• Frozen berries work well in this recipe as well, be sure to add them when they're frozen. If you let them thaw, they'll be mushy and the consistency will be off.


Calories: 424kcal, Carbohydrates: 95g, Protein: 7g, Fat: 3g, Saturated Fat: 1g, Cholesterol: 6mg, Sodium: 29mg, Potassium: 228mg, Fiber: 5g, Sugar: 69g, Vitamin A: 255IU, Vitamin C: 15.1mg, Calcium: 94mg, Iron: 0.7mg

Recipe Source: The Food Network

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Recipe Rating

92 comments on “The Pioneer Woman’s Blackberry Cobbler”

  1. Did you reduce cook time when using the 9×12 pan? I wish I had. It was almost overcooked at the 50 min mark.

  2. Super easy recipe however mine came out thin…in your photos The cobbler appears plump and more dense. It was still delicious but not pretty, haha! 
    Any ideas what went wrong?

    • Hey Ashley! Did you use a large casserole dish? Larger than 9 x 13? This one can fit in a 9 x 13 baking dish but I also just added an additional notation that a 9 x 9 will yield thicker results. The pan in the picture is 11.25″x 7.75″, which isn’t really a standard size so I didn’t make mention of it. Also, did you use self rising flour? Just wondering if that played a role. Have a wonderful day! -Stephanie

      • Yep! I used a 9×13 pan and the self-rising flour. I wonder what would happen if I doubled it? Also I must say pouring half and half over the cobbler is a bit tastier than the ice cream LOL! My husband’s grandpa eats his cobbler that way and it passed along to my husband and now me. 😁

      • As long as you have a little bit of room at the top of the casserole dish to let it rise a bit, you should be absolutely fine to double it! I have never heard of adding half and half over the top but it absolutely made my mouth water, that sounds unbelievable! Definitely trying it!

  3. I made this from freshly picked blackberries from my yard, and it turned out wonderful! I added some pure vanilla powder, but other than that, followed directions exactly. So easy and SO good!! This is my new go-to for potlucks…when we get to go to those again.🤞

  4. First time making a blackberry cobbler and this recipe was a HIT … there were no left overs for tomorrow! Delicious!

  5. Yummy and Super easy! I did add some red raspberries and blueberries to half and I actually liked that side the best. I might try in my cast iron skillet next time.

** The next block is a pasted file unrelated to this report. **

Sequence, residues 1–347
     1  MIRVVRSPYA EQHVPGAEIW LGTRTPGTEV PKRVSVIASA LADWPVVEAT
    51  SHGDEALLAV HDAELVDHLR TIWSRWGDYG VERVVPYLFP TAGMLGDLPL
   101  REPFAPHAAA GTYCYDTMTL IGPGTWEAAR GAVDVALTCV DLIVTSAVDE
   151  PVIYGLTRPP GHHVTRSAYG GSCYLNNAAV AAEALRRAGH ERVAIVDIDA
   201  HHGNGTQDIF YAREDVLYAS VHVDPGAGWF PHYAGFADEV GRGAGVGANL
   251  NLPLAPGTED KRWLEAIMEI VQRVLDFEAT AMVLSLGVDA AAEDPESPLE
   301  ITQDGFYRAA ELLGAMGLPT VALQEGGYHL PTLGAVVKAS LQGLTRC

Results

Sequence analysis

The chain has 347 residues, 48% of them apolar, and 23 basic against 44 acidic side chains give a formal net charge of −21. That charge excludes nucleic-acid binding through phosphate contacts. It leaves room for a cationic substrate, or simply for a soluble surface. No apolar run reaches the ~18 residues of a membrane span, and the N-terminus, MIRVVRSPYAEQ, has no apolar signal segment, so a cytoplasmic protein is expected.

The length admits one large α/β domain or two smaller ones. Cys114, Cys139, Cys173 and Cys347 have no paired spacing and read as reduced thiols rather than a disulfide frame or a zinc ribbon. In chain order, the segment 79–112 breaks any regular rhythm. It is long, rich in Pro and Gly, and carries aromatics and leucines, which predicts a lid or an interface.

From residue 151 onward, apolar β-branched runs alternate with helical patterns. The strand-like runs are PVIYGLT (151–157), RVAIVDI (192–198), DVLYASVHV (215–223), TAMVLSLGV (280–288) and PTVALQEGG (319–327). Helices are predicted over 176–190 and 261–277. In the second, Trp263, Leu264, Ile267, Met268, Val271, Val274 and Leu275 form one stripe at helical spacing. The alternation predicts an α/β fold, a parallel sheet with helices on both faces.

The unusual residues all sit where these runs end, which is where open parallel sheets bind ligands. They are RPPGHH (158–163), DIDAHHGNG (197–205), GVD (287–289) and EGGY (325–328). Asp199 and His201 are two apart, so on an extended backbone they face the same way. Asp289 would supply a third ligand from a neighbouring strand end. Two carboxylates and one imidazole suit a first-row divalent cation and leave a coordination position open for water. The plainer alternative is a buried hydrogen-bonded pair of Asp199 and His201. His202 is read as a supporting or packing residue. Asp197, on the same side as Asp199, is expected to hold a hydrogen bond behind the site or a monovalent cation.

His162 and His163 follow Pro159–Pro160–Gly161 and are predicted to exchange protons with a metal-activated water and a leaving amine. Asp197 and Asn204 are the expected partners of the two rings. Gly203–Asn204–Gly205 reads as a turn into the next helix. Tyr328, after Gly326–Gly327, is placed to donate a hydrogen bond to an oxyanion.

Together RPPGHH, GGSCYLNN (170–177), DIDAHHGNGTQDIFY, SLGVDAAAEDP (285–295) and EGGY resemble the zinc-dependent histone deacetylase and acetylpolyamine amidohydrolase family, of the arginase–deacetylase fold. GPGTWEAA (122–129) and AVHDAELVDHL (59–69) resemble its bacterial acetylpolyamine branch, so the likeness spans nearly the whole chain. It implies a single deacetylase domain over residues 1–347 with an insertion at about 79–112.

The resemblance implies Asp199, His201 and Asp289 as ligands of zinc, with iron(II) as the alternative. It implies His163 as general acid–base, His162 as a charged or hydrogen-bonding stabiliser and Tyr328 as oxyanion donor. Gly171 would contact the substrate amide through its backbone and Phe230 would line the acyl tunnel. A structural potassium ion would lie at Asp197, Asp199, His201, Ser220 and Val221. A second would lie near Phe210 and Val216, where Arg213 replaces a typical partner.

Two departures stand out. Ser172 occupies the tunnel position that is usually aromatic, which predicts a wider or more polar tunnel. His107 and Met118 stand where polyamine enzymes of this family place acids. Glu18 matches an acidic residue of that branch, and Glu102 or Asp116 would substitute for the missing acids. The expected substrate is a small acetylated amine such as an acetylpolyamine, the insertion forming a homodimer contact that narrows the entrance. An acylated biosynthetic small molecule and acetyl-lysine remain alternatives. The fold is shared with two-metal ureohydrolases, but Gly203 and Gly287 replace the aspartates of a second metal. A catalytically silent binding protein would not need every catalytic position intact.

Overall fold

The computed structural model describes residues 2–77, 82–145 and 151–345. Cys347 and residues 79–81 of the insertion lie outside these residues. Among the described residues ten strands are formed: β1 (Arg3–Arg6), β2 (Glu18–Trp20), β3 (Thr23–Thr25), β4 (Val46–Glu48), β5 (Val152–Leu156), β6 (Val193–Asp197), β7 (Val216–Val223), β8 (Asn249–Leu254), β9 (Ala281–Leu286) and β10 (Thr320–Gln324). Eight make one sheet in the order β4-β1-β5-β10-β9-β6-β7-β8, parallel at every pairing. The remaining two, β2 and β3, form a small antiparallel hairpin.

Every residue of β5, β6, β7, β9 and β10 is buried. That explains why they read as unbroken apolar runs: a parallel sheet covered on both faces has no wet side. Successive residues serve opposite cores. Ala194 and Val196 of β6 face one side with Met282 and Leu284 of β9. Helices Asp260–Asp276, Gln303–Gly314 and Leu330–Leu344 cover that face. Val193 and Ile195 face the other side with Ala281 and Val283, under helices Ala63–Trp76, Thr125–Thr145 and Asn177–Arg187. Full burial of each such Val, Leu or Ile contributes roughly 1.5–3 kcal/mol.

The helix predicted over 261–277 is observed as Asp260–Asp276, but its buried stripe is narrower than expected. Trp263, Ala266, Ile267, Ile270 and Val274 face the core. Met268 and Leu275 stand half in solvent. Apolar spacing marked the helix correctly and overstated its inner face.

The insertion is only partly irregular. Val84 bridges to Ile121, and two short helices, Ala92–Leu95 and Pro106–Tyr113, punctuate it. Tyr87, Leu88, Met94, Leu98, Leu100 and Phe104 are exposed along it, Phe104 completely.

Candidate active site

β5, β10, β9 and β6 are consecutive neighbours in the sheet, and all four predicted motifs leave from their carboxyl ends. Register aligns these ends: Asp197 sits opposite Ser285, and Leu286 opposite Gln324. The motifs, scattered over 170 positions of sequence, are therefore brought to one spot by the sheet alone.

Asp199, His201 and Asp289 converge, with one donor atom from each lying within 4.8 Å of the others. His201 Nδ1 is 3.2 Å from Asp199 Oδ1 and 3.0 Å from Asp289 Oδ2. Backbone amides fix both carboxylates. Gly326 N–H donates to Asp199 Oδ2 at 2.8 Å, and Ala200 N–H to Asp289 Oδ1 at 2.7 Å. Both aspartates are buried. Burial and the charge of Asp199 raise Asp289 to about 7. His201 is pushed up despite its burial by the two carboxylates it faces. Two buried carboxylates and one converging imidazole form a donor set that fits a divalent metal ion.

6. Just to share, I made this in a glass pie pan, plus 2 little ramekins. My oven broke and a 9×13 wouldn’t fit in my toaster oven. It turned out perfect! I have made it twice before in the 9×13 too. Great easy recipe!! My 3 year old loves to help. 

    • Hey Kelly! Thank you so much for sharing this tip for other readers!! 🙂 I’m so happy you enjoy this recipe, it’s a big hit in our house too, and so easy! 🙂 Happy fourth! -Stephanie

  7. At the top it says cook time 2 hours but the instructions say cook for 50 minutes and than 10 minutes? 

    • Hi Bailey! OOPS, that was a mistake, sorry about that and thank you for bringing it to my attention, in total, this recipe takes one hour and ten minutes. Thank you, I fixed the recipe card as well! 🙂

  8. Can we use buttermilk in lieu of regular milk?

    • Hi Kristin, I’ve answered this question in another comment below so I’ll paste that here:

      “If you are going to substitute buttermilk for milk in your recipes, you will need to change the amount of baking soda as well as the amount of baking powder. This is because of the higher acid content in buttermilk.

      Baking soda reacts with acids such as yogurt, lemon juice, orange juice, or even chocolate, to create carbon dioxide (CO2). The CO2 that is released helps your bread or muffins rise. Baking powder already has some acid in the mix (usually cream of tartar) and reacts on its own.

      Because of this, you will usually need less baking soda or baking powder when using buttermilk in your baked goods.

      For each cup of buttermilk used instead of milk you will want to use 2 teaspoons less baking powder and add 1/2 teaspoon of baking soda.”

  9. I have made this several times and used a different fruit each time they were all delicious. 

    • Hi Linda! That is wonderful to hear, love that you use different kinds of fruits too! We love this recipe! Thank you so much for taking the time to come back and leave your feedback! Take care! -Stephanie

  10. Hi Stephanie,

    I just looked at Pioneer Woman’s recipe and saw that it calls for 1/2 Cup (1 stick) of butter, rather than 1/2 stick as you stated.  That said, I used your 1/2 stick butter and it turned out well.  Not quite as rich of course!